Bob Jones Univ. v. United States
461 U.S. 574 (1983)

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U.S. Supreme Court

Bob Jones Univ. v. United States, 461 U.S. 574 (1983)

Bob Jones University v. United States

No. 81-3

Argued October 12, 1982

Decided May 24, 1983*

461 U.S. 574

CERTIORARI TO THE UNITED STATES COURT OF APPEALS FOR

THE FOURTH CIRCUIT

Syllabus

Section 501(c)(3) of the Internal Revenue Code of 1954 (IRC) provides that "[c]orporations . . . organized and operated exclusively for religious, charitable . . . or educational purposes" are entitled to tax exemption. Until 1970, the Internal Revenue Service (IRS) granted tax-exempt status under § 501(c)(3) to private schools, independent of racial admissions policies, and granted charitable deductions for contributions to such schools under § 170 of the IRC. But in 1970, the IRS concluded that it could no longer justify allowing tax-exempt status under § 501(c)(3) to private schools that practiced racial discrimination, and in 1971 issued Revenue Ruling 71-447 providing that a private school not having a racially nondiscriminatory policy as to students is not "charitable" within the common law concepts reflected in §§ 170 and 501(c)(3). In No. 81-3, petitioner Bob Jones University, while permitting unmarried Negroes to enroll as students, denies admission to applicants engaged in an interracial marriage or known to advocate interracial marriage or dating. Because of this admissions policy, the IRS revoked the University's tax-exempt status. After paying a portion of the federal unemployment taxes for a certain taxable year, the University filed a refund action in Federal District Court, and the Government counterclaimed for unpaid taxes for that and other taxable years. Holding that the IRS exceeded its powers in revoking the University's tax-exempt status and violated the University's rights under the Religion Clauses of the First Amendment, the District Court ordered the IRS to refund the taxes paid and rejected the counterclaim. The Court of Appeals reversed. In No. 81-1, petitioner Goldsboro Christian Schools maintains a racially discriminatory admissions policy based upon its interpretation of the Bible, accepting for the most part only Caucasian students. The IRS determined that Goldsboro was not an organization described in § 501(c)(3), and hence was required to pay federal social security and unemployment taxes. After paying a portion of such taxes for certain years, Goldsboro filed a refund suit in Federal District Court, and the IRS counterclaimed for unpaid taxes. The District Court entered summary judgment for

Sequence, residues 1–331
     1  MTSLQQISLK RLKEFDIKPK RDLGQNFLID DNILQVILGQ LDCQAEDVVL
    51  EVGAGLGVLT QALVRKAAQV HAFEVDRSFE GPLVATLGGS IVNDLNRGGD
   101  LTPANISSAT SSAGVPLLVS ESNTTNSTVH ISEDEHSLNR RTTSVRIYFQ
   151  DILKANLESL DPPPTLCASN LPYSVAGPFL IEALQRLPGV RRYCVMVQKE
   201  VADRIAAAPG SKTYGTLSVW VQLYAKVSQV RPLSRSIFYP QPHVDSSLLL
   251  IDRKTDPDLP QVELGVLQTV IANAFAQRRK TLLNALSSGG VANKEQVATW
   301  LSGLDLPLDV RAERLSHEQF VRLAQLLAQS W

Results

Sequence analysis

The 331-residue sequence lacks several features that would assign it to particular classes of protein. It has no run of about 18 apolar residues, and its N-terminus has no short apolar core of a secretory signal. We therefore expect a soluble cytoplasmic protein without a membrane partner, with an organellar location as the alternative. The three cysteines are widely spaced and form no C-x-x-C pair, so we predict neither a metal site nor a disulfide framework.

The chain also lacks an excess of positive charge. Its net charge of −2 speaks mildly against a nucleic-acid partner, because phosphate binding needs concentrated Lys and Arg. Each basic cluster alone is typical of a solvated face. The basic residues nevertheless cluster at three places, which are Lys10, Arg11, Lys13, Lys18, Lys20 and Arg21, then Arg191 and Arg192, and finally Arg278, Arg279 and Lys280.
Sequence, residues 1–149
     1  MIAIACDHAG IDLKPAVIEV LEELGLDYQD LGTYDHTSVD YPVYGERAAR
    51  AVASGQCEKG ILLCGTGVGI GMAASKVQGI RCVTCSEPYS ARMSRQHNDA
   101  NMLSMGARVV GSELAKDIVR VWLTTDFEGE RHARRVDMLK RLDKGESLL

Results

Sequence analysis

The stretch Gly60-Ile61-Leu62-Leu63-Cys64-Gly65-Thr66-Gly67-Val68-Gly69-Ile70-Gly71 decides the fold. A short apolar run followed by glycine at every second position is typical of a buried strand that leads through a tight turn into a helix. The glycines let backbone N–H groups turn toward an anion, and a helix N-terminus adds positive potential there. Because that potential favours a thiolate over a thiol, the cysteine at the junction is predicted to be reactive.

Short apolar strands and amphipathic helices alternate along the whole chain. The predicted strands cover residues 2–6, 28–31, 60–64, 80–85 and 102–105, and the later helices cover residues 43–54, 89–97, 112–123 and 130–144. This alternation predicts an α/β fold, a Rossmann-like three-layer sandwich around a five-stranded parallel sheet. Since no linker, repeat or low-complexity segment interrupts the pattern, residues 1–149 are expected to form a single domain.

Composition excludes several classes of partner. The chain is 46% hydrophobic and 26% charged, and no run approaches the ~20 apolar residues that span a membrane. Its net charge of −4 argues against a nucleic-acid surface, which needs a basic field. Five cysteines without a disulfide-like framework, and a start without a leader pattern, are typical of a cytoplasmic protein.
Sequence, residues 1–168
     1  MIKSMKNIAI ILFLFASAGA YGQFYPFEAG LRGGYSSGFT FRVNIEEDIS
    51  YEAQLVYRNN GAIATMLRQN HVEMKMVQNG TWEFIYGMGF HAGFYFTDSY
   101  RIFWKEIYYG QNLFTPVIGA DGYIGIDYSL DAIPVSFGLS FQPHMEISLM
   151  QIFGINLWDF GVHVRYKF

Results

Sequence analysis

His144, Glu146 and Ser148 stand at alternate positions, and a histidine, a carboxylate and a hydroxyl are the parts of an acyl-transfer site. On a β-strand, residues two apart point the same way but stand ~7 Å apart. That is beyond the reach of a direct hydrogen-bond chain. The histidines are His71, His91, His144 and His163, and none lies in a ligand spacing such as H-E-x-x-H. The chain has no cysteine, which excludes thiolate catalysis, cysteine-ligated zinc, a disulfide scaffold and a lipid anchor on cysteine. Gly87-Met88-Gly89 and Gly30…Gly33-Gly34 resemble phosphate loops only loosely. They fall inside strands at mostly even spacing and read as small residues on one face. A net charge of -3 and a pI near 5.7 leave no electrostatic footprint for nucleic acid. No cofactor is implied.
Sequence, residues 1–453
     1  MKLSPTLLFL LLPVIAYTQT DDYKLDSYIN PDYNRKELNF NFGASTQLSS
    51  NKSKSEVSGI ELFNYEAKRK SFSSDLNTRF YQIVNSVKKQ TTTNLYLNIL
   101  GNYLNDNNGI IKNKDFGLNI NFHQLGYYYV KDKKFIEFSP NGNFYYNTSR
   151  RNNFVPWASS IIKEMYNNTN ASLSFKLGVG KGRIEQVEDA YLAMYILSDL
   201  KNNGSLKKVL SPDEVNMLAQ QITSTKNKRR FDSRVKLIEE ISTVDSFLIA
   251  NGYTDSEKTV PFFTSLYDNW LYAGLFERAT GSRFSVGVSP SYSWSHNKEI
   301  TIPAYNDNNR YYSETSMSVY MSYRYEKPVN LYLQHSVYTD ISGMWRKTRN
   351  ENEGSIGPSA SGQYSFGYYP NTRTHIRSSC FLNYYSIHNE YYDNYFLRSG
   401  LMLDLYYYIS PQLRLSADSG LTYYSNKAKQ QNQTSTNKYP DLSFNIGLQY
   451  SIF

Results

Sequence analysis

Page 461 U. S. 575

the IRS, rejecting Goldsboro's claim to tax-exempt status under § 501(c) (3) and also its claim that the denial of such status violated the Religion Clauses of the First Amendment. The Court of Appeals affirmed.

Held: Neither petitioner qualifies as a tax-exempt organization under § 501(c)(3). Pp. 461 U. S. 585-605.

(a) An examination of the IRC's framework and the background of congressional purposes reveals unmistakable evidence that, underlying all relevant parts of the IRC, is the intent that entitlement to tax exemption depends on meeting certain common law standards of charity -- namely, that an institution seeking tax-exempt status must serve a public purpose and not be contrary to established public policy. Thus, to warrant exemption under § 501(c)(3), an institution must fall within a category specified in that section, and must demonstrably serve and be in harmony with the public interest, and the institution's purpose must not be so at odds with the common community conscience as to undermine any public benefit that might otherwise be conferred. Pp. 461 U. S. 585-592.

(b) The IRS's 1970 interpretation of § 501(c)(3) was correct. It would be wholly incompatible with the concepts underlying tax exemption to grant tax-exempt status to racially discriminatory private educational entities. Whatever may be the rationale for such private schools' policies, racial discrimination in education is contrary to public policy. Racially discriminatory educational institutions cannot be viewed as conferring a public benefit within the above "charitable" concept or within the congressional intent underlying § 501(c)(3). Pp. 461 U. S. 592-596.

(c) The IRS did not exceed its authority when it announced its interpretation of § 501(c)(3) in 1970 and 1971. Such interpretation is wholly consistent with what Congress, the Executive, and the courts had previously declared. And the actions of Congress since 1970 leave no doubt that the IRS reached the correct conclusion in exercising its authority. Pp. 461 U. S. 596-62.

(d) The Government's fundamental, overriding interest in eradicating racial discrimination in education substantially outweighs whatever burden denial of tax benefits places on petitioners' exercise of their religious beliefs. Petitioners' asserted interests cannot be accommodated with that compelling governmental interest, and no less restrictive means are available to achieve the governmental interest. Pp. 461 U. S. 602-604.